An added value to career
If you are experiencing monotony in your dental-hygiene practice, many options are available. Explain to your doctor that you are fearful of burning out and would like to do something about it before the situation gets out of control. A savvy employer will not want to lose a business asset like you. Good hygienists are difficult to find! Within your traditional clinical role, are you scheduling a nice variety of treatment beyond basic continuing-care visits? Hygienists obviously are limited by the constraints of state laws, but why not seek out whatever possibilities exist within those parameters?
Do you provide "added value services" for your patients, such as a top-shelf, oral-cancer screening; a pulse/blood-pressure check; fluoride/desensitizing treatments; and an occlusal exam? Do you provide a soft-tissue management program? Nutritional counseling? Have you tried anything innovative to educate your patients? Do you make an effort to scope out your patients' overall health and well-being ... beyond the oral cavity? Are you attentive to your patients' esthetic concerns? Hygienists - if they choose and if they are practicing in a setting that allows for this level of care - can be so much more than the "cleaning machines" that frustrated hygienists feel like.
Why not ask your boss to consider allowing you to diversify your responsibilities beyond your traditional clinical role? Perhaps you could help the practice by assuming some marketing or public relations duties. One hygienist, for example, revitalized her role within a practice by eliminating one recare patient each day. She then took on marketing responsibilities during that time frame. She spent an hour involved in activities such as producing a newsletter, creating hygienist/ patient correspondence, making several focused hygienist/ patient "we care" calls, creating educational sheets for the practice, and much more. The diversity of this work enabled her to return to her traditional clinical role with renewed enthusiasm. It was a win/win for the practice, because the doctor now realizes the benefits of an ongoing marketing program.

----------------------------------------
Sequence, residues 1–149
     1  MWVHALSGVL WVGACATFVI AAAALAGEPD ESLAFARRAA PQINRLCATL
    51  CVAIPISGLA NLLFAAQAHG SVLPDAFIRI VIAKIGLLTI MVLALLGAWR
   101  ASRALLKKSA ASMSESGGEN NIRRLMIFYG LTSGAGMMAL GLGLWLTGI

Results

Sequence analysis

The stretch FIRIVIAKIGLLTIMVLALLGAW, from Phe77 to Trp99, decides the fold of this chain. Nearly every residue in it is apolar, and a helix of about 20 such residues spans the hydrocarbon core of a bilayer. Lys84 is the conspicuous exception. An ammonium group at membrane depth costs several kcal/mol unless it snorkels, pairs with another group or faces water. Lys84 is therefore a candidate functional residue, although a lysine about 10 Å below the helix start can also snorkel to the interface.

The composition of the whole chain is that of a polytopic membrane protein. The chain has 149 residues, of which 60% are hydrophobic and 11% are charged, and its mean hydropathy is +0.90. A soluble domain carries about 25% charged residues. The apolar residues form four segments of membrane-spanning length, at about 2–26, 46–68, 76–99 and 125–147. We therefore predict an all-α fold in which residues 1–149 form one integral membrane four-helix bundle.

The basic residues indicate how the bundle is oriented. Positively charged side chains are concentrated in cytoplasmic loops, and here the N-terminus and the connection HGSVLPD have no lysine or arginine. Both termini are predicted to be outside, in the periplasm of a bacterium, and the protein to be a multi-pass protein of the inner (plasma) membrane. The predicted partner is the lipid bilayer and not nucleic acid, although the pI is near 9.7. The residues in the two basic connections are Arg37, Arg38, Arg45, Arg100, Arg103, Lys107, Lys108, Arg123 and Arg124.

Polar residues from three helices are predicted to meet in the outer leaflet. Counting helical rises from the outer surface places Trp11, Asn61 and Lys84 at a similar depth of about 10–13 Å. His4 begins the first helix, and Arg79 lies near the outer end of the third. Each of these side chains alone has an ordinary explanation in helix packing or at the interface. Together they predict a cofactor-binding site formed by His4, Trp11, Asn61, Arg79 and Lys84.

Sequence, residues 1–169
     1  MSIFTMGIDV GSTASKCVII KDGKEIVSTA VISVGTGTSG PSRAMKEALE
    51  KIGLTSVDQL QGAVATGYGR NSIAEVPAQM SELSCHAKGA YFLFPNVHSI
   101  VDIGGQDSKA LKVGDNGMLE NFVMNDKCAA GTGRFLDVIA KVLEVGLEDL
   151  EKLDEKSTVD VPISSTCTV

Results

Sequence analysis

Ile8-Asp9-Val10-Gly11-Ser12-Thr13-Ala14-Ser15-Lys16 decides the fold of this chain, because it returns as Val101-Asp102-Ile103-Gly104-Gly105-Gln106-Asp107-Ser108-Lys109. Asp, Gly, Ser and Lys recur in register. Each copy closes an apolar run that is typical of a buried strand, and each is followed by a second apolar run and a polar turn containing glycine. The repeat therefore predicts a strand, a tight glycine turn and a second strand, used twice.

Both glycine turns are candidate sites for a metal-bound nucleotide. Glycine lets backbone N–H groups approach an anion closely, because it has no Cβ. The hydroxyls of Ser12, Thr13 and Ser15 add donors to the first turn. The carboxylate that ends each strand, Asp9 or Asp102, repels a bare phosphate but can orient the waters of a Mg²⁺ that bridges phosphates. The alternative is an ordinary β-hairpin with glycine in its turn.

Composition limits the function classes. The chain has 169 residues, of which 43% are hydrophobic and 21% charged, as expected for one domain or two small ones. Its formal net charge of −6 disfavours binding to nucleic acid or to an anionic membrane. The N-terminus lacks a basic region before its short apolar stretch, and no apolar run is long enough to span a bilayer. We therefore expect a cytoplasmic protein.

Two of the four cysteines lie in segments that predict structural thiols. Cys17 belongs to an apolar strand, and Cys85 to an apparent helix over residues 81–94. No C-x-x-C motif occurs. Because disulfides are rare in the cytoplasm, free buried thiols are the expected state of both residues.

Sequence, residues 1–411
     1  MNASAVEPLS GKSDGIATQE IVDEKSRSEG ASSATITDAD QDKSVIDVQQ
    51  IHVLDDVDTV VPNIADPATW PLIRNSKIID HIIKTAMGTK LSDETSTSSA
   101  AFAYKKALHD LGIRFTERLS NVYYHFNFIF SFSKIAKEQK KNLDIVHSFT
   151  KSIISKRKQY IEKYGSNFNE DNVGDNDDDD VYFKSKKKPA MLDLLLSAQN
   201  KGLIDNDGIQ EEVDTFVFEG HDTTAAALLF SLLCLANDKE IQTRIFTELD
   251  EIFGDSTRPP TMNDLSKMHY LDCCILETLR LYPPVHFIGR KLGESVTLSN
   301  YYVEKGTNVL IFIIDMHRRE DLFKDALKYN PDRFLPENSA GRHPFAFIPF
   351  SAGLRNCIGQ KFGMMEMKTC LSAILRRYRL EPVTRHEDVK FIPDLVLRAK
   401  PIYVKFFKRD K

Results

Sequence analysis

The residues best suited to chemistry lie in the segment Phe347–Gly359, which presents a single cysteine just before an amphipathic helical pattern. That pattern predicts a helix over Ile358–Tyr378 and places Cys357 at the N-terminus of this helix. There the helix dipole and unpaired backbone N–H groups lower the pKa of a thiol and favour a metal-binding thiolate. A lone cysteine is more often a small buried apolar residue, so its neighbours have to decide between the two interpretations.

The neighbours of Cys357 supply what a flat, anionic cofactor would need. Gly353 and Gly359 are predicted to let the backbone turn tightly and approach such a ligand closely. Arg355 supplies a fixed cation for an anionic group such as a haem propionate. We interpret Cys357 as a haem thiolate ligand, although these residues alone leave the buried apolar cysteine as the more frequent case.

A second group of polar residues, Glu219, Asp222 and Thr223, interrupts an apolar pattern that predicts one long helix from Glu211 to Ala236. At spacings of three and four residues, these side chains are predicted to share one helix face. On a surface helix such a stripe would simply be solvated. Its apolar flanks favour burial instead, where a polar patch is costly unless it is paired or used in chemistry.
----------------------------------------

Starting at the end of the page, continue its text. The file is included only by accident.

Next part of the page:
Visit the other operatory
Offer to spend time observing your doctor at chairside, perhaps pinch-hitting as an assistant or helping with lab work occasionally. Trust me, it is not my intent to demean this work. I recognize that you would require training, but it also is true that many hygienists enter the profession with strong assisting backgrounds. Dust that background off, and use it to help break up your day! Ask your doctor to bring you into the treatment room periodically to "show and tell" anything that might be interesting.
Make an effort to learn one new thing about some aspect of dentistry every day. Inviting your doctor to assume a teaching role is a winning proposition for both of you. (What can you teach your doctor?) Make an effort to learn from your co-workers as well. Why not take on more recall- system responsibilities? Learn to use the office computer system, and assist the front-office staff regularly.
Keep yourself motivated by continually attending CE programs (mandated or not). Stay on top of new developments within your profession. Check out the Internet for educational information. You'll find Web sites through our professional association that will allow you to correspond with other hygienists nationally on key issues. Read your own journals and industry magazines, and ask your doctor if you might take a look at his publications. It will expand your horizons. I know a doctor who makes a point of sitting down once a month to read his hygienist's journals, so that he sees things from the hygiene profession's perspective. Now this is an enlightened manager!
Offer to facilitate staff meetings on a regular basis. (Actually, all staff members should rotate doing this). Volunteer to research an area of interest for the practice, and report back on it at the next meeting.